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Sinful

POPcinema // R // October 3, 2006
List Price: $19.99 [Buy now and save at Amazon]

Review by Thomas Spurlin | posted November 6, 2006 | E-mail the Author
Plenty of quality mind-bending films await anyone who searches hard enough. From suspenseful horror films to erotic thrillers, the trend has challenged a myriad of imaginative auteurs to roll the dice and toss their ideas onto the screen. Is a valid reaction to a complex psychological film one of utter confusion and emptiness from the effects of an unclear, indefinable plotline? If that's the case, then Pop Cinema's Sinful really delivers.


The Film:

A very strange and macabre low-budget B film, Sinful is a suspense-horror tale of maternal instinct and the dire desperation of a woman unable to bear children. Lillith lives a very depressing life; her marriage is on the skids amidst sexual and emotional disconnection, her job revolves around an aggressive and hostile environment involving expecting mothers, and her overall living conditions leave much to be desired. To add salt to a fresh wound, her alluring next-door neighbor Aisha (Erika Smith) and her husband are preparing to have a child.

Thus crafts the tense atmosphere for a woman on the brink of insanity and desperation. As the film unfolds, Lillith starts to convert from a captivated and admiring neighbor to an obsessive lunatic. The rest develops much like a nightmare – whether the events that take place between the beginning and climax of the piece are demented dreams is up to interpretation. The finale is a bona fide grisly turn of events that, while remotely foreseeable, will probably wrench a heart or two.

Sinful is pretty darn difficult to watch. Take two parts horror, one part suspense, and a quarter part erotica and that's what pops onto the screen. Director Marsiglia has taken some very uniquely disturbing ideas and displayed them through a collection of odd characters. The performances are generally serviceable, especially an interesting performance from Misty Mundae as the resolute, mentally wavering Lillith. Director Tony Marsiglia takes these talents, combines them with some unique concepts and spreads these little bits of life fairly thin over the film's short runtime.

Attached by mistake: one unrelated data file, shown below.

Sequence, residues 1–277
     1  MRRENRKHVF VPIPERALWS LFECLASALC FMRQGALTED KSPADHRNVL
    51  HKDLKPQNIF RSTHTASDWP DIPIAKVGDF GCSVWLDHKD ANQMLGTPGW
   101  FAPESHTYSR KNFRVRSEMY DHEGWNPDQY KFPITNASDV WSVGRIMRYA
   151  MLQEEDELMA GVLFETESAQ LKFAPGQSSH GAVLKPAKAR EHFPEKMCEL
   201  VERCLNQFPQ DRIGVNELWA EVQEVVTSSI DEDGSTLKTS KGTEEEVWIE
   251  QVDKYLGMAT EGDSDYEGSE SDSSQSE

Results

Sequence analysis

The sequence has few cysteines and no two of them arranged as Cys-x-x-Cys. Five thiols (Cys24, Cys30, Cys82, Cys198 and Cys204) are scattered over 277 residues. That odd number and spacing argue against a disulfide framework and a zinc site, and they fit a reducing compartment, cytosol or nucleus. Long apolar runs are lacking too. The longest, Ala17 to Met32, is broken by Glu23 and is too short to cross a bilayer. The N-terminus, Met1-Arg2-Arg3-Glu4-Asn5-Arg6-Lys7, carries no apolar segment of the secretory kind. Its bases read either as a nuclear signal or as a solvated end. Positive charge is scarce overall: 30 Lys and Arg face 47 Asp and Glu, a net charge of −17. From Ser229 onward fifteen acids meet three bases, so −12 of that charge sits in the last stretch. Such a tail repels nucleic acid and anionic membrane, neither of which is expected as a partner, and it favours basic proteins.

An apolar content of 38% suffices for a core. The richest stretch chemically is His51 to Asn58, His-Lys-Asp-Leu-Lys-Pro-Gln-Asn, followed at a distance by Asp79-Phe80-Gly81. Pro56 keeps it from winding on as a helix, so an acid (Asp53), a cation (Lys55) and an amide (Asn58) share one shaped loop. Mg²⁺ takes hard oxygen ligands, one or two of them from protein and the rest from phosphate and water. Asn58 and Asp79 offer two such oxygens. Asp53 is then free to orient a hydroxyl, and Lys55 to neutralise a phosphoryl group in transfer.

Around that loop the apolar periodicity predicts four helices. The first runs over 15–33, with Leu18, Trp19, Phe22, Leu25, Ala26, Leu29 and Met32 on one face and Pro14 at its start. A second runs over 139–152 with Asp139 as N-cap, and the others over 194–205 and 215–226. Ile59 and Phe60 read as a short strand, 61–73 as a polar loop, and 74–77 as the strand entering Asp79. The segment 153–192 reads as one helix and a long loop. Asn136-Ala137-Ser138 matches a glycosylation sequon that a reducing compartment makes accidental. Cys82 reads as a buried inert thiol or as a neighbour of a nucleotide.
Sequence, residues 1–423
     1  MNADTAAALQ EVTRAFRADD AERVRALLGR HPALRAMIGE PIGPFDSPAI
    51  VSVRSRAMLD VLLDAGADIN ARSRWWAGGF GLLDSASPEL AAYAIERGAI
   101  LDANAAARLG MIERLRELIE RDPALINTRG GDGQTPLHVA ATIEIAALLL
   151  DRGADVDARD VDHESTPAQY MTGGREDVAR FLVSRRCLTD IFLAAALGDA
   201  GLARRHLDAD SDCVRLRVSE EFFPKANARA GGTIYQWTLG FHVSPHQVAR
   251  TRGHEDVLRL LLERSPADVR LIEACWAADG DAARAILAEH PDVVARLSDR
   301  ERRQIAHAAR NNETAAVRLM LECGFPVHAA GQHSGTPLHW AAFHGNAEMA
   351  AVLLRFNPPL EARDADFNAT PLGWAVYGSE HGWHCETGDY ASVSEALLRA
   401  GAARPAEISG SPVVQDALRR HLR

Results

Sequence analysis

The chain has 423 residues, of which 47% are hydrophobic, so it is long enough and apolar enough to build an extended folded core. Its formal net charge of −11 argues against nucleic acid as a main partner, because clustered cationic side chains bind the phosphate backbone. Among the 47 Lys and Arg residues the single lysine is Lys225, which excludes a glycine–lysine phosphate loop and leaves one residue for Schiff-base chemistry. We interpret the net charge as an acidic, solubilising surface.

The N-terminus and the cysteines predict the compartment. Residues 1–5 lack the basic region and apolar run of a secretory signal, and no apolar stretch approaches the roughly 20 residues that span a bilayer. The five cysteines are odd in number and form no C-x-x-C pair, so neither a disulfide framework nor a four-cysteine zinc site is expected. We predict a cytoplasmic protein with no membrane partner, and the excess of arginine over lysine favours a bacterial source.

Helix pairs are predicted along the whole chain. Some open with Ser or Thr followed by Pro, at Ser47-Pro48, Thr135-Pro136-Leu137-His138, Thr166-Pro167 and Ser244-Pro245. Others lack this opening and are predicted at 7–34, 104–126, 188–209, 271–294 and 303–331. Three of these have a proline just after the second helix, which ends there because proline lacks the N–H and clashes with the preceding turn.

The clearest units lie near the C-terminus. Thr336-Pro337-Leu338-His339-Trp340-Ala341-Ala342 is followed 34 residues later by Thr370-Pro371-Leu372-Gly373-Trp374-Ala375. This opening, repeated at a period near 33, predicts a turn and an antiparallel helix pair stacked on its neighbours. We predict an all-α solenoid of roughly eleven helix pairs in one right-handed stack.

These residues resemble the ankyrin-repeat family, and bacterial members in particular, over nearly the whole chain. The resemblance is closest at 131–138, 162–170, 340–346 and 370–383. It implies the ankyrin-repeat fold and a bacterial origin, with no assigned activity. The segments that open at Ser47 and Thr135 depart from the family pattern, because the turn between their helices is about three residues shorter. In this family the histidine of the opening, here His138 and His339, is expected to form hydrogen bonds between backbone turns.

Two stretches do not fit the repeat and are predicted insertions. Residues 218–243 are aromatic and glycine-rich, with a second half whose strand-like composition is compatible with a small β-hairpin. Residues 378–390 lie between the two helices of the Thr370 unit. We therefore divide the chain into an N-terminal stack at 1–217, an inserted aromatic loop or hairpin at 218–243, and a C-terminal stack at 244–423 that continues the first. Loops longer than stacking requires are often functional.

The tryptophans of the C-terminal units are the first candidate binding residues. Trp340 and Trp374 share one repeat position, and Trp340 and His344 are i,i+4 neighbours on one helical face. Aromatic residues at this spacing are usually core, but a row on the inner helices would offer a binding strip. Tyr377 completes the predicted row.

What's missing is a tangible, cohesive plot. Such grandly orchestrated carnage could've really hammered home some effective satire. Instead, this nightmare unfolds at such a persistent pace without any time for reflection. Even after looking back on the film after the credits roll, the lack of a discernible course for its message distinctly weakens its potential.

In short, Sinful is not a generally enjoyable experience. It does, however, provide a host of spine-tingling images and psychotically driven reactions from the demented main character. While these images could have been refined with a more fluid plot and subsequent character reflection, they do still remain generally effective and manage to grip the audience's attention. Nevertheless, Sinful might cause a chill or two and will probably confuse the living daylights out of many that partake.


The DVD:

Sinful comes in a DVD keepcase on one disc. Included is a two-page insert with liner notes.

The Video:

Sinful is presented in a decent anamorphic presentation spanning roughly 1.78:1. Shot in 16mm film, the grain and fluctuating black levels are fairly unstable. A noticeable green tint pops up here and there in darker scenes. Nonetheless, the array of colors used throughout the film really does shine bright through this transfer. Overall, from the source, the transfer wasn't too shabby.

The Audio:

This film is primarily dialogue-driven and is often times a very quiet piece. From that, the Dolby audio adds moderate atmosphere with the unique, minimalist score. Bearing that in mind, the sound flows fairly well with the exception of some soft-spoken patches here and there.

The Extras:

Hardcore fans of Misty Mundae will enjoy this package. Pop Cinema has included a series of small features, including:

- A Behind-The Scenes Featurette
- An Interview with Misty Mundae on the set that primarily includes discussion on her motivation as Lillith and her affection for director Marsiglia.
- A small blurb from Misty Mundae at the New Jersey International Film Festival that reiterates most of the same information from the on-set interview.
- Q & A session with Tony Marsiglia, Misty Mundae and Erika Smith
- Sinful Trailer
- Commentary on the film from director Marsiglia

Overall, the interviews with Misty are unique and really display her personality well. The other elements compliment the film very nicely.

Final Thoughts:

Sinful is an extremely stark and brutal B-rated thriller. While the visuals are razor sharp, the murky plot and meager symbolic undertones overpower the film's promise. If you're looking for a B-Rated horror suspense flick with gritty imagery that can possibly merit discussion OR if you're a fan of Misty Mundae, then I'd recommend this for a rental as a departure from the conventional. However, with its very odd visuals and ineffective symbolic follow-through, I'd recommend the common moviegoer steer elsewhere.



Thomas Spurlin, Staff Reviewer -- DVDTalk Reviews | Personal Blog/Site
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